Reducing Fragmentation and Patient Care NOW not Next Year

I do not recommend doing this, but today I attempted to listen to two Webinars at the same time. One was also tweeting the discussion and the other had very detailed slides which made it easier to follow but as studies show, we are not really capable of that kind of multi-tasking. The topic of the first suggested it would discuss Primary Care and its future. However, what the expert proposed was a “How to” plan for bringing more customers into a healthcare system. This was boiled down to a recommendation that these system open small clinics, run by NPs, in competition with drug store and grocery store clinics of similar ilk in order to funnel patients into the listeners’ systems. The other Webinar was a discussion by three mobile health leaders (mHealth) on the future use of their products in the global mobile health arena (wow, that rhymed).
It’s is a good idea to know what is going on in the minds of healthcare system development teams and as I listened to the expert’s remarks I could not help but ponder on what, in my humble opinion, would build the kind of “team loyalty” that hospitals and other healthcare systems are dreaming of. What is it that patients want? I agree that they need healthcare access in their busy lives at more convenient times of the day than traditional physician offices offer. What my patients tell me (and what people tell me at cocktail parties) is that they would prefer access to their very own providers, those individuals who know them best. No insult intended to NPs because they are essential to the healthcare team, but they are physician extenders, not physician substitutes. What about developing systems that give patients greater access to their own providers? This would really engender loyalty to a healthcare system, especially one in which physicians are employees, more and more the norm these days. I believe mHealth can do that. What if you could access your physician after hours via Skype? Or text your doctor just for a quick conversation about whether you should seek immediate care or be seen the next day? Gee, what if the physician had access to their schedule and could book them on the spot?!? What I’m advocating here is a “concierge” type practice without the concierge price. Of course there would have to be some sort of reimbursement procedure to give already overworked primary care doctors the incentive to take care of patients in this way but wouldn’t that be a cheaper investment than opening the equivalent of “Little Clinics” everywhere?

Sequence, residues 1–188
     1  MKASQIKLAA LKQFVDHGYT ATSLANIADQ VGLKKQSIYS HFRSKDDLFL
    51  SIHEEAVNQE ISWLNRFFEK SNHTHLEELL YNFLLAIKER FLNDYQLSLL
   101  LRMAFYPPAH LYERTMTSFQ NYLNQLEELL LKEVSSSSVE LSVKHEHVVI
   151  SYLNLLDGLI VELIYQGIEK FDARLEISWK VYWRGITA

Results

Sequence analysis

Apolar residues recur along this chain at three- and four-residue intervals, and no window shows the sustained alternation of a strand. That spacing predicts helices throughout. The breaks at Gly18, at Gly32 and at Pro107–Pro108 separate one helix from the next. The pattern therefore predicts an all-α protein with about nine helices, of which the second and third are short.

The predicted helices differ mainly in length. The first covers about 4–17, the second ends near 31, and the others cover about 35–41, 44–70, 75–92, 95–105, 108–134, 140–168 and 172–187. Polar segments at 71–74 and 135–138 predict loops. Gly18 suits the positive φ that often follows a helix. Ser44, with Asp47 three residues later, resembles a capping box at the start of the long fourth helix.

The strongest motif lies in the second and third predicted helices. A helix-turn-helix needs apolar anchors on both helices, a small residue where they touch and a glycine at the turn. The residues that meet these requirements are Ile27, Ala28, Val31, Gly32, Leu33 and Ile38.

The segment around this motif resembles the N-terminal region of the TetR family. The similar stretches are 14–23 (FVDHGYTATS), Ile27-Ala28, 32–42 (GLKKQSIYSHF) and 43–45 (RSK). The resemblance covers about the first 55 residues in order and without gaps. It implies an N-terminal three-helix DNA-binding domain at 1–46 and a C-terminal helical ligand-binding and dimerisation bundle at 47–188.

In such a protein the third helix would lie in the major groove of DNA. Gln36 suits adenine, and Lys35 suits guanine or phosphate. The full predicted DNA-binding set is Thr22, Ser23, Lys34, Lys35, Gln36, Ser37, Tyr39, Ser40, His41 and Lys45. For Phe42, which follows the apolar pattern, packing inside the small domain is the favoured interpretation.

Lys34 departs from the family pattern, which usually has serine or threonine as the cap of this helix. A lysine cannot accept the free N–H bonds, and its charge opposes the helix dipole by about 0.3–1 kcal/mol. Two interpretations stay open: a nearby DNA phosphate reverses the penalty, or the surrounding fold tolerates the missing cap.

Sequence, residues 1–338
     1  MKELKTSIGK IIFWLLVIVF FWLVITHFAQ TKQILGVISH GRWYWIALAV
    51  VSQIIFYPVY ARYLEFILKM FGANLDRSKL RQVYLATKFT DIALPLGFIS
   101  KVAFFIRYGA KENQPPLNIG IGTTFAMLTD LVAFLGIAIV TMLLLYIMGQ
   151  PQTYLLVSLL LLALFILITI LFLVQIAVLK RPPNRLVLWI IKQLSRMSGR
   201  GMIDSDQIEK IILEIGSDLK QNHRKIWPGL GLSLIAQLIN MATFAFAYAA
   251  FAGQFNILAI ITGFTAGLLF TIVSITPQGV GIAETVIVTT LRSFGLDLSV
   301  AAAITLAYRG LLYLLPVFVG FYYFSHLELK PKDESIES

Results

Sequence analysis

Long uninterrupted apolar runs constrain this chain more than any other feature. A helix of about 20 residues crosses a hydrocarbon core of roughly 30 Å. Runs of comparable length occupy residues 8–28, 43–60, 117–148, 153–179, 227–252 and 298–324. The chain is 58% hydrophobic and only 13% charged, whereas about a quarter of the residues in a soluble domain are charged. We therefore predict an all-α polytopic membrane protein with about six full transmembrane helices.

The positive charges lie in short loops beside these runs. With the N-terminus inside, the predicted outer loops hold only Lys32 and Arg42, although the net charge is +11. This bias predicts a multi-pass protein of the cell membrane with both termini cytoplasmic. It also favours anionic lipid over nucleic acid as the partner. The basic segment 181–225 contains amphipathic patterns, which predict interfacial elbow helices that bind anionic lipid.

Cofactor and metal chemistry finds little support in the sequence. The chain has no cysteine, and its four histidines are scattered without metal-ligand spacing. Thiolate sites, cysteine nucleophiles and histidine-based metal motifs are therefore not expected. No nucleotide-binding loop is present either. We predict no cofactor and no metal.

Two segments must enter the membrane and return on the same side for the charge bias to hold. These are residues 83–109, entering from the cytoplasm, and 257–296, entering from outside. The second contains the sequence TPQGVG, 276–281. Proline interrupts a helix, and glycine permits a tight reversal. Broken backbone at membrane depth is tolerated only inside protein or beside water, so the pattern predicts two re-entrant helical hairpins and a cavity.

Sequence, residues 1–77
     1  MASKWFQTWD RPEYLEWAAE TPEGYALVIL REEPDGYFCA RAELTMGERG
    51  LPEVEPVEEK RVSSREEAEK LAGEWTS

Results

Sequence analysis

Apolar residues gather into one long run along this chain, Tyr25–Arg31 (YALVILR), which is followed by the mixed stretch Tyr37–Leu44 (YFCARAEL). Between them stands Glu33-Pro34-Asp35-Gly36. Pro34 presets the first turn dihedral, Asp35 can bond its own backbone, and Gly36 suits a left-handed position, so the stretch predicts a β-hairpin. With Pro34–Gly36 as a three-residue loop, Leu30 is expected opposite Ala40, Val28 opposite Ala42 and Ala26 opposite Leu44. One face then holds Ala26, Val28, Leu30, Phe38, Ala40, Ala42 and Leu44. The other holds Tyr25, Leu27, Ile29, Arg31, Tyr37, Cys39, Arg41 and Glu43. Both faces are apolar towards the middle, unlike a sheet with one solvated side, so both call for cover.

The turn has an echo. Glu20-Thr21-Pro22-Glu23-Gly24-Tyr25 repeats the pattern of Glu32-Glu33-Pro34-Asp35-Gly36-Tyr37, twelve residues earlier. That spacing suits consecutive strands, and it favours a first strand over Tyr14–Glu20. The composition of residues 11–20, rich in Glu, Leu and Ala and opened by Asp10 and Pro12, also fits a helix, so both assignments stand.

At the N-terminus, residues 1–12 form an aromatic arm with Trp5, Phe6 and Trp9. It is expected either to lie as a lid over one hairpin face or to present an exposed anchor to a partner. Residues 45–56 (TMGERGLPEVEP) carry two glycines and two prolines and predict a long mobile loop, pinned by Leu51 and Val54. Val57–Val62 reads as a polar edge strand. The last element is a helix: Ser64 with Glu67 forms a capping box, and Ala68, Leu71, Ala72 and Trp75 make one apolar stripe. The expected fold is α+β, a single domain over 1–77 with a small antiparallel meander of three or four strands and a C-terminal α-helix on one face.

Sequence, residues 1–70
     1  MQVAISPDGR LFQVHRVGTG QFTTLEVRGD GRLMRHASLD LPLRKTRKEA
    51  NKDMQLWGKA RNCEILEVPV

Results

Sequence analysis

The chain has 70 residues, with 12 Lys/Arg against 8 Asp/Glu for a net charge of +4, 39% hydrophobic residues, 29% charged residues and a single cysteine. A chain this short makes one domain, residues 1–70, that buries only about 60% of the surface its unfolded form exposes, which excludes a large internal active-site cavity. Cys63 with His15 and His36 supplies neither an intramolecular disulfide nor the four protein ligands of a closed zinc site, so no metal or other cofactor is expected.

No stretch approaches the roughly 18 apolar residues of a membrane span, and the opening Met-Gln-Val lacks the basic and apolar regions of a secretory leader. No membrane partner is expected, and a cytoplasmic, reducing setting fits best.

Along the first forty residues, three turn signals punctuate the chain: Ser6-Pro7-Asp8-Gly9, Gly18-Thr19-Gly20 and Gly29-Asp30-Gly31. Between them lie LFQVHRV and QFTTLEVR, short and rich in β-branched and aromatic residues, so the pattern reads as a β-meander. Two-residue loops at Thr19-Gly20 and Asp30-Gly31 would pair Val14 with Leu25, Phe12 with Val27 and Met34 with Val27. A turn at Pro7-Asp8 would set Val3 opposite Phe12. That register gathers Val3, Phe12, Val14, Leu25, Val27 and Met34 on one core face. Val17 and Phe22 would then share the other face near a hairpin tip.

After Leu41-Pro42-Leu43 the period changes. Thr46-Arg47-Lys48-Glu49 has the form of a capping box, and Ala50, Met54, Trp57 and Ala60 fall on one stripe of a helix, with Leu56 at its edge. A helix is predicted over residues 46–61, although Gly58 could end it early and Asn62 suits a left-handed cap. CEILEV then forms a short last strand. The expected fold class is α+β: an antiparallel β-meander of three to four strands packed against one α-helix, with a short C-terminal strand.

Along with the cost, the second complaint I routinely hear from patients about their medical care is its fragmentation. From a patient and a primary care perspective, no one on the health care team is talking to each other. In fact, frequently the word “team” is a misnomer. Using tools like Doximity¬†physicians can employ a HIPPA compliant platform to discuss cases and improve care. Of course the phone always works, but with the ability to ask questions and respond in a timely but convenient fashion, doctors and other providers like NPs, PTs, etc. can reduce the fragmentation patients feel from their healthcare team.
Of course I realize that ACOs (Accountable Care Organizations) are supposed to be developing this kind of care. But does the bureaucracy that surrounds these systems bother anyone else but me? Do we really have to wait for the lumbering movement of government sponsored programs in order to improve communication, fragmentation and access to care when the technology is already here today? 
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Physician Employment Regrets?